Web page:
- 1990: “The Wire-to-Wire Reds: Sweet Lou, Nasty Boys, and the Wild Run to a World Championship” by John Erardi and Joel Luckhaupt
- 1986: “The Bad Guys Won: A Season of Brawling, Boozing, Bimbo Chasing, and Championship Baseball with Straw, Doc, Mookie, Nails, the Kid, and the Rest of the 1986 Mets, the Rowdiest Team Ever to Put on a New York Uniform--and Maybe the Best,” by Jeff Pearlman; “One Pitch Away” by Mike Sowell
- 1981: “Split Season: 1981: Fernandomania, the Bronx Zoo, and the Strike that Saved Baseball” by Jeff Katz
- 1979: Tales from the 1979 Pittsburgh Pirates Dugout: Remembering “The Fam-A-Lee” (Tales from the Team), by John McCollister
- 1978: “October Men: Reggie Jackson, George Steinbrenner, Billy Martin and the Yankees Miraculous Finish in 1978” by Roger Kahn; “The Bronx Zoo: The Astonishing Inside Story of the 1978 World Champion New York Yankees” by Sparky Lyle and Peter Golenbock
- 1977: “The Bronx is Burning: 1977, Baseball, Politics, and the Battle for the Soul of a City,” by Jonathan Mahler
- 1976: “Stars and Strikes: Baseball and America in the Bicentennial Summer of '76” by Dan Epstein
- 1975: “The Long Ball: The Summer of '75—Spaceman, Catfish, Charlie Hustle, and the Greatest World Series Ever Played” by Tom Adelman; “The Machine” by Joe Posnanski
- 1973: “Hammerin' Hank, George Almighty and the Say Hey Kid: The Year That Changed Baseball Forever” by John Rosengren
- 1971: “The Team That Changed Baseball: Roberto Clemente and the 1971 Pittsburgh Pirates,” by Bruce Markusen
- 1969: “Ball Four” by Jim Bouton; “Ernie Banks: Mr. Cub and the Summer of '69” by Phil Rogers
- 1968: “Summer of '68: The Season That Changed Baseball--and America--Forever” by Tim Wendel; “The Tigers of '68: Baseball's Last Real Champions” by George Cantor
- 1967: “1967 Red Sox: The Impossible Dream Season (Images of Baseball)” by Raymond Sinibaldi and Billy Rohr
- 1964: “October 1964” by David Halbertstam; “The Year of Blue Snow: The 1964 Philadelphia Phillies” by Mel Marmer; “Fred Hutchinson and the 1964 Cincinnati Reds” by Doug Wilson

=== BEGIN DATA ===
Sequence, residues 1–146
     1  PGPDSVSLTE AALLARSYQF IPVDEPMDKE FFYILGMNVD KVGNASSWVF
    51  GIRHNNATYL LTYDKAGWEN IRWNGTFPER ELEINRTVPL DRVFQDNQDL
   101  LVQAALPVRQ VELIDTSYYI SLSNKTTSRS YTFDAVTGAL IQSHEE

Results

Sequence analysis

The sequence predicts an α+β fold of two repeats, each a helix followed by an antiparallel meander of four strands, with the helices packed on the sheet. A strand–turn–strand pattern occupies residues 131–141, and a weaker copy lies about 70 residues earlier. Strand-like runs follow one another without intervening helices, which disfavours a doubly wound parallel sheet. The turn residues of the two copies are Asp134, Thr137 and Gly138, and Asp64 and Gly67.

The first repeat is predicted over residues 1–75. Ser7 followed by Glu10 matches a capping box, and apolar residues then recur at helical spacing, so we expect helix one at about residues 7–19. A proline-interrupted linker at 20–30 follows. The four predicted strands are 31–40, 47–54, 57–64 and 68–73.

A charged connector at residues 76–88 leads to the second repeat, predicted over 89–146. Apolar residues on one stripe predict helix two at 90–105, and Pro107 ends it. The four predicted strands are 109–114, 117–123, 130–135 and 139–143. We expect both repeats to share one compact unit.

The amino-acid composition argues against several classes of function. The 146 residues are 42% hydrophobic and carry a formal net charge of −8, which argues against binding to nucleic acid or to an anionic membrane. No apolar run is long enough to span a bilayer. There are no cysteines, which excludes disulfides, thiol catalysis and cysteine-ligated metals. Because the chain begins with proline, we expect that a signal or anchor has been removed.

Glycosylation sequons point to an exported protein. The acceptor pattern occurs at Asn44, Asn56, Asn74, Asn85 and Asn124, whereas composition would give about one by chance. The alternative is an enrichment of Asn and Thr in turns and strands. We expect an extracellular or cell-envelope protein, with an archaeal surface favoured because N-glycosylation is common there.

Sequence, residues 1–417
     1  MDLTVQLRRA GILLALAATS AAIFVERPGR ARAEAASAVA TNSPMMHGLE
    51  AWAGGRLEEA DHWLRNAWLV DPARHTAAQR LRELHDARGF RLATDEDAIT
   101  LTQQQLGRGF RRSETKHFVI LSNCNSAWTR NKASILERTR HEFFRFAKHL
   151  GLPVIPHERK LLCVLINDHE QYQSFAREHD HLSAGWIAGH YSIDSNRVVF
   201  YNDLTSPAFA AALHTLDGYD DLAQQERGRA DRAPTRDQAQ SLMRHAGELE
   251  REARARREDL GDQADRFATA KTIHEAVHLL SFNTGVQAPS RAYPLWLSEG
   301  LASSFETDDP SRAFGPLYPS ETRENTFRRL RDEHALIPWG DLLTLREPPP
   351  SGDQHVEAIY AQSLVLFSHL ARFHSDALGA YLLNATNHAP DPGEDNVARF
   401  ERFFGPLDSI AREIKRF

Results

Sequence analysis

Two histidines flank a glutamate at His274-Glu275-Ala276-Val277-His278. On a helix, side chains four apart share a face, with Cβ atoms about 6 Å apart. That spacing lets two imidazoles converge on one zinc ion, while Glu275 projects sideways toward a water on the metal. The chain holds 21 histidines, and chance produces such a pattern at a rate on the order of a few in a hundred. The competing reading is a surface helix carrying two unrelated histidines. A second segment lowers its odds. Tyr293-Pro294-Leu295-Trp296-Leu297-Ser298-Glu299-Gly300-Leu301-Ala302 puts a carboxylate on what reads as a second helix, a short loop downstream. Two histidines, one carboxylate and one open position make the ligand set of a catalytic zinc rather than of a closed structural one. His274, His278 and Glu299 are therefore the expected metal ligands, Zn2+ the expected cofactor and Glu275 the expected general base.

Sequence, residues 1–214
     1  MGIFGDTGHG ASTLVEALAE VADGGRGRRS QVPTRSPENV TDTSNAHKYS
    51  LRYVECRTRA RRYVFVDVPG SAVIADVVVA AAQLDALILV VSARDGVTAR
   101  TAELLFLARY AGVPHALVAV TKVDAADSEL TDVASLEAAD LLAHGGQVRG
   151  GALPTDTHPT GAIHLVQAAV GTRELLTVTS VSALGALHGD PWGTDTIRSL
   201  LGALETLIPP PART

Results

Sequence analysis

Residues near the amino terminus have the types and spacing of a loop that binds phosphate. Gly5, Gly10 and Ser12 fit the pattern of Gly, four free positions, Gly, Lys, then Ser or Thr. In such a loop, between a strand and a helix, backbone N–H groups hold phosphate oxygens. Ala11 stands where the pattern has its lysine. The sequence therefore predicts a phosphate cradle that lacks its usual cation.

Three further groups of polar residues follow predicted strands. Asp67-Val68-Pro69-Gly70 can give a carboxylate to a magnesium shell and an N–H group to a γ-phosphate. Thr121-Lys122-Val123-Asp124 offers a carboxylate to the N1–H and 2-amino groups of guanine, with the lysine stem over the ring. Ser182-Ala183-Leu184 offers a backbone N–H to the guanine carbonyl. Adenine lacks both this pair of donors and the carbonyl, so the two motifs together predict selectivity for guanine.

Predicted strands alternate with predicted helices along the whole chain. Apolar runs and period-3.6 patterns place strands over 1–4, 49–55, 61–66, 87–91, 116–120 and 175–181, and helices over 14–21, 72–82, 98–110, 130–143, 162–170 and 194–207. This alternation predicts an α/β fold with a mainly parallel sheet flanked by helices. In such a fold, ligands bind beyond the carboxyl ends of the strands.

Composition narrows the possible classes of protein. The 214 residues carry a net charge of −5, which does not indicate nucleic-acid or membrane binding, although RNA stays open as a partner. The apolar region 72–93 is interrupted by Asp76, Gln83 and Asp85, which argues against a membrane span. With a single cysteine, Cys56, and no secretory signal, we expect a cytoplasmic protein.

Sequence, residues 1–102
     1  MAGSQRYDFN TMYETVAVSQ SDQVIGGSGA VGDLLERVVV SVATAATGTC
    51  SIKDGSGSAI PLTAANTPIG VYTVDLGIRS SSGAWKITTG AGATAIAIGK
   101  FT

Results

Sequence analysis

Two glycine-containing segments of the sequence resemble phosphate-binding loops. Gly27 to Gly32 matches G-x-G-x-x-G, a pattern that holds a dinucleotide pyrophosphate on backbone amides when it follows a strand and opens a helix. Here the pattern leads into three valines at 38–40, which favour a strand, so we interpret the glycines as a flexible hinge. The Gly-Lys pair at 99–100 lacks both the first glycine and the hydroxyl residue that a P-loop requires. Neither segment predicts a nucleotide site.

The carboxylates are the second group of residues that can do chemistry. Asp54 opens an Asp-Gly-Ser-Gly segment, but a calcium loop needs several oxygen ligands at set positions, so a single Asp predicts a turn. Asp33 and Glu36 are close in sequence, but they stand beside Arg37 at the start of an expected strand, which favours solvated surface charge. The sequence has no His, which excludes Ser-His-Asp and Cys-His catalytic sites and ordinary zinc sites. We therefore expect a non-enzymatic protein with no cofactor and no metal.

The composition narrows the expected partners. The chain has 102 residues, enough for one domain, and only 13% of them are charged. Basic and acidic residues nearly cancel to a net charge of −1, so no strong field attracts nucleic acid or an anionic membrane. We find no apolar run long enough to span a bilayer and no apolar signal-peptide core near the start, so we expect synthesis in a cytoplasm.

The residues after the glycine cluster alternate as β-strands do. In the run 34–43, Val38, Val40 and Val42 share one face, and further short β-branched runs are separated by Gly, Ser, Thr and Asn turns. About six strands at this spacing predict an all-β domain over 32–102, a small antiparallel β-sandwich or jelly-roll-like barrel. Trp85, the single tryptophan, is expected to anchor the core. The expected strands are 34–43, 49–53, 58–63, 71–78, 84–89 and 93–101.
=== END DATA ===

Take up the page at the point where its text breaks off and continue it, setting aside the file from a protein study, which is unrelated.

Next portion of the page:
- 1962: “Can't Anybody Here Play This Game?: The Improbable Saga of the New York Mets' First Year” by Jimmy Breslin
- 1960: “Sweet '60: The 1960 Pittsburgh Pirates (SABR Digital Library Book 10)” by Dick Rosen and C. Paul Rogers
- 1954: “1954: The Year Willie Mays and the First Generation of Black Superstars Changed Major League Baseball Forever” by Bill Madden
- 1951: “Strangers in the Bronx: DiMaggio, Mantle, and the Changing of the Yankee Guard by Andrew O'Toole
- 1949: ”Summer of '49“ by David Halberstam
- 1947: ”Opening Day: The Story of Jackie Robinson's First Season“ by Jonathan Eig; ”1947: When All Hell Broke Loose in Baseball“ by Red Barber
- 1941: ”56: Joe DiMaggio and the Last Magic Number“ by Kostya Kennedy
- 1923: ”The House that Ruth Built: A New Stadium, the First Yankees Championship, and the Redemption of 1923,“ by Robert Weintraub
- 1920: ”The Pitch That Killed“ by Mike Sowell
- 1919: ”Eight Men Out: The Black Sox and the 1919 World Series,“ by Eliot Asinof; ”Red Legs and Black Sox: Edd Roush and the Untold Story of the 1919 World Series“ by Susan Dellinger, Ph.D.
- 1908: ”Crazy '08: How a Cast of Cranks, Rogues, Boneheads, and Magnates Created the Greatest Year in Baseball History“ by Cait N. Murphy